Pressure Sensors for Medical Applications
Since manufacturers of medical equipment encounter constant pressures to balance cost and quality, pressure sensors present developers with contradictory requirements that can result in dangerous compromises. Pressure sensors pose a common reliability challenge that force manufacturers to depend on expensive ongoing maintenance and component replacement to work around the inherent short lifetime of the sensor. However, the stakes are still higher in medical applications, where these sensors have high accuracy and reliability requirements and where component failure can lead to safety risk.
Despite the fact that the packaging of the sensor component is important in solving this issue, it is a challenge that has, until lately, eluded sensor manufacturers. A blood analyzer system is a typical use case. While this kind of medical application may not demand the pressure sensor to be operated in high temperatures or harsh fluids, even saline solution can eventually be corrosive, and the cleaning and sterilization process usually needs repeated contact with caustic chemicals such as bleach.
The main issue is that the adhesives that are employed to make the pressure seal and protect the sensor die and related circuitry ultimately soften in the surrounding fluid. The sensor circuitry is damaged, as soon as the seal breaks, thus creating a familiar reliability failure that can be high-priced if it causes a product recall or requires regular maintenance and replacement of the sensing subsystem.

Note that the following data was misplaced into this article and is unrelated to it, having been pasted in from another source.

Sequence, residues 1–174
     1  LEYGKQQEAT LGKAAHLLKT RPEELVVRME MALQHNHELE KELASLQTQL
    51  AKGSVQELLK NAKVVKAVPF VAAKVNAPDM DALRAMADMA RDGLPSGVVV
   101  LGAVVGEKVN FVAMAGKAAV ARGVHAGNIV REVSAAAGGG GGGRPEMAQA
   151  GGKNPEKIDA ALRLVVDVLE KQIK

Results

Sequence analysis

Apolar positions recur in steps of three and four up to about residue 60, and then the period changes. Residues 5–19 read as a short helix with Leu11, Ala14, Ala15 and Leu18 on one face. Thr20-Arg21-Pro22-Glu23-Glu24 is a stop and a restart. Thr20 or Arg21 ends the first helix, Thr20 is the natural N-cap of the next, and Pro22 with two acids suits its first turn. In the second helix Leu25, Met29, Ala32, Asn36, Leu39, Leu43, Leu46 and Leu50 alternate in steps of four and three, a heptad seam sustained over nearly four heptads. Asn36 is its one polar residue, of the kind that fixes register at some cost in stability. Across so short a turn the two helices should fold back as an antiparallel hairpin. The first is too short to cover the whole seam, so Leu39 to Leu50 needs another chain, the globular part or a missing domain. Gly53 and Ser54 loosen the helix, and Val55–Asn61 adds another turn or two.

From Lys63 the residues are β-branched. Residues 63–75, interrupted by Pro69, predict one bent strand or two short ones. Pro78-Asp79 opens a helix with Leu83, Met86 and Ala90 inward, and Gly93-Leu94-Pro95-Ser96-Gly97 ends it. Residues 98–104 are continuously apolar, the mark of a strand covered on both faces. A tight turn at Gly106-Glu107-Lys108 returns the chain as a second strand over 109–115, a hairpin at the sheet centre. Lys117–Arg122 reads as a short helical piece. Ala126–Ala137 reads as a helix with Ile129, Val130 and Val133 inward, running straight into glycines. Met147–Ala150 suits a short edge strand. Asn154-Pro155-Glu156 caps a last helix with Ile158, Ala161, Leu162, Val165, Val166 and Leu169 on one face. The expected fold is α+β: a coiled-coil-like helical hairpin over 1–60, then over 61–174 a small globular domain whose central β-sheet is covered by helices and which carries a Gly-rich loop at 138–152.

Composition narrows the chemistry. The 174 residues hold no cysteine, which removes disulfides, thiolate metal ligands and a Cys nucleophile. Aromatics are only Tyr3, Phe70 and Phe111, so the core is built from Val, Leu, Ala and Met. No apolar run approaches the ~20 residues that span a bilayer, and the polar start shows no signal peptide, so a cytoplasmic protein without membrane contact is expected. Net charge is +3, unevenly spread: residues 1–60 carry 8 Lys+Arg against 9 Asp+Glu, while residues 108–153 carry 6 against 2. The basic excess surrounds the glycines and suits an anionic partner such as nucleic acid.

An innovative new pressure sensor packaging approach creates an eutectic die bond on ceramic substrate using a gold-tin soldering alloy for a hermetic seal even in the presence of harsh fluids. When compared to the individual melting points, a gold-tin soldering bond with an 80:20 ratio makes an alloy with a much lower melting point, thus enhancing manufacturability while still retaining the benefits of both metals in severe environments. In addition, while this gold-tin solder is more expensive than adhesive, the cost differential is small in comparison to the considerable improvement in long-term maintenance costs and reliability.
Checking whether the pressure media comes in at the back side or top of the sensor is an additional aspect that needs to be considered while comparing sensor packaging approaches. The circuitry must be protected from corrosion or shorts if the pressure is on the top side of the sensor. This protection is usually achieved with a protective gel. However, a gel that is stiff enough to bear corrosive fluids is generally also stiff enough to cause stress to the MEMS element.
This may lead to intolerable sensing errors in most medical applications. On the contrary, back-side entry uncovers only the eutectic die attach, glass and silicon to the pressure medium—elements that have been proven to withstand this environment—with no accuracy concerns of top-side sensors.
For medical equipment, packaging for pressure sensing applications is crucial to remove regular compromises, enhance product lifetime reliability and lower ownership cost.
For more information, visit this article on AZOSensors.com